Tuesday, June 30, 2015

1976 AMC Pacer

trams in King Street, Sydney, 1900s

It has changed a bit in the meantime: this seems to be the same intersection, the building with the tallish thin turret-corner is still there.

IKEA for Muslims


Short S23 Empire Flying Boat 'Canopus'

The first such aircraft of Imperial Airways, shown here in a 1936 brochure in the Middle East before services had actually commenced.  These departed from the coast off Southampton, England. See earlier posts.

'Locomotive Study' art

By Frank Vietor (1919-2006).  Much of his art was set in his home state of Indiana.

the 'Navua' ship from 1955

Seen in Wellington, a cargo ship of the Union Steam Ship Company, built in Leith shipyards, Scotland.
Length 250 ft (76.2 metres)
Capacity: 1,952 grt
Propulsion: Single prop from a 5 Cylinder Sulzer 1500 hp engine

More info

Sunday, June 28, 2015

1968 DAF 33 van

Muslim beheads his boss in an attack on a French gas factory

On the same day that two ISIS sympathizers shot 39 tourists on a beach in Tunisia, a delivery man with known Islamist connections beheaded his boss and left the body, daubed with Arabic writing, at the site of a U.S.-owned gas factory in southeast France before trying to blow up the complex.

The assailant rammed his delivery van into a warehouse containing gas canisters, triggering an initial explosion, and was arrested minutes later as he tried to open canisters containing flammable chemicals, prosecutors said on Friday.

Police found the head of the victim, the 54-year-old manager of the transport firm that employed the suspect, dangling from a fence.

"The head was discovered hanging on the factory's wire fence, framed by two flags that included references to the shahada, or (Muslim) profession of faith," Paris public prosecutor Francois Molins told a news conference.

More plus video

LOT Polish airline poster 1948

It seems that at the time LOT's fleet only comprised twin-engine aircraft so it's not clear what this is meant to depict. The airline was formed as the result of a merger at the beginning of 1929.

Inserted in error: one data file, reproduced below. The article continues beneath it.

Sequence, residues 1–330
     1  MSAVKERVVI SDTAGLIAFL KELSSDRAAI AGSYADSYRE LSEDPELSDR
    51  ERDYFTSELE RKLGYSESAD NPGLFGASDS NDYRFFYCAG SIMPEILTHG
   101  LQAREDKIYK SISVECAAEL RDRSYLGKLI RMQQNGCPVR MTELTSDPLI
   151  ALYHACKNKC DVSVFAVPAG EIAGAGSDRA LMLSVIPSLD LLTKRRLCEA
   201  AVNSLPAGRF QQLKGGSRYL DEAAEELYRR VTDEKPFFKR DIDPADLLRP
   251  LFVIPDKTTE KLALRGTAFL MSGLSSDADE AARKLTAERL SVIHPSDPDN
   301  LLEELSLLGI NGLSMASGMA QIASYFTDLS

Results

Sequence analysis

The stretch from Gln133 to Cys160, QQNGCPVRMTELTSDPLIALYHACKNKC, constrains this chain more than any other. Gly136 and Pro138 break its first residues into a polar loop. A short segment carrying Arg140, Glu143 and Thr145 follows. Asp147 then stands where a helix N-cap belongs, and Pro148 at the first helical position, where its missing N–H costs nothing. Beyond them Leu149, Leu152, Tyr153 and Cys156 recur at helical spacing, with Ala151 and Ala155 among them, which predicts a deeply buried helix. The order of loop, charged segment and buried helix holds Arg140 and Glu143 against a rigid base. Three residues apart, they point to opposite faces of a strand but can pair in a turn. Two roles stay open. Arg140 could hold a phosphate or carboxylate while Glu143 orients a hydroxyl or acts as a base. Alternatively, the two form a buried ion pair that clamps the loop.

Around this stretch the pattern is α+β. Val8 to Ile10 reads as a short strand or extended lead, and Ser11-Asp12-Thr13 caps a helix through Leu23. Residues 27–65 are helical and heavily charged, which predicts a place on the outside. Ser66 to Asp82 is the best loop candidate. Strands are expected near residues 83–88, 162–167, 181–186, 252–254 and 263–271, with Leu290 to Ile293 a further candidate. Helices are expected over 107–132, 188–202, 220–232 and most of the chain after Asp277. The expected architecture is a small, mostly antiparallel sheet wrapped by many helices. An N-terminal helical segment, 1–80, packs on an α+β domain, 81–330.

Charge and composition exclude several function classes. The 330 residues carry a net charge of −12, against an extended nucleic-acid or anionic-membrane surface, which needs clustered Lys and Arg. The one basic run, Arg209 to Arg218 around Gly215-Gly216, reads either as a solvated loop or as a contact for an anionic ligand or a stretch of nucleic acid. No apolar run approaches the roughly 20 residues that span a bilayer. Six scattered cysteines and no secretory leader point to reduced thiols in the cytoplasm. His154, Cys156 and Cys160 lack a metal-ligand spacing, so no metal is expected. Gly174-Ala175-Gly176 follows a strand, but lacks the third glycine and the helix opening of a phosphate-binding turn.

'this transpress nz book looks so interesting'

boats in Ha Long, Vietnam

One of Vietnam's most popular tourist destinations.

1969 DAF 2600 truck

1935 Brough Superior

Seen in Wellington some years ago.  Approximately 85 cars named Brough Superior were built between 1935 and 1939, powered by Hudson engines and they had a Hudson chassis. More

whaling ship 'Andrew Hicks' in New Bedford, Massachusetts, circa 1900

Saturday, June 27, 2015

mixed steam train approaches Vallorbe, Switzerland, circa 1910

Looking south-west.

elaborate tram waiting room, Prescot, England, 1900s

ersatz bicycle tyre

"Bicycle with emergency tires
Need makes inventiveness
In WW1 there was no more rubber. The people still wanted to ride bicycles. The alternative shown here was eagerly used so as to still be mobile. Bicycles were in Germany at the time of WW1 very popular. This conversion set was made in factories and sold in big quantities.
Today this type of tire has become extremely rare.  On untared field paths this principle works without problems.  On asphalt, cobblestones or similar, less so."

traffic in Yonkers, New York, 1952

Featuring streetcars; these ceased operating in November 1952  -- info here

Some cars to identify.

trams in Japan, early 20th century

Someone who can read Japanese should be able to tell us where.

Friday, June 26, 2015

saucy trolley postcard, 1920s


traffic in Place des Nations Unies, Bucharest, Romania, 1970s

United Nations Place.

1974 Chrysler limo

With an English looking house.

black SP tunnel motors at Alta, California, mid-1980s

On the Donner Pass route, an SD45T-2 on the point; they look to have spent a lot of time in tunnels, see an earlier post on Rio Grande units equally black.

revolving rail bridge over the North Sea Canal, Velzen, Netherlands, 1933

The Noordzeekanaal from Amsterdam to IJmuiden, cutting through ‘Holland at its narrowest’, was dug between 1865 and 1876.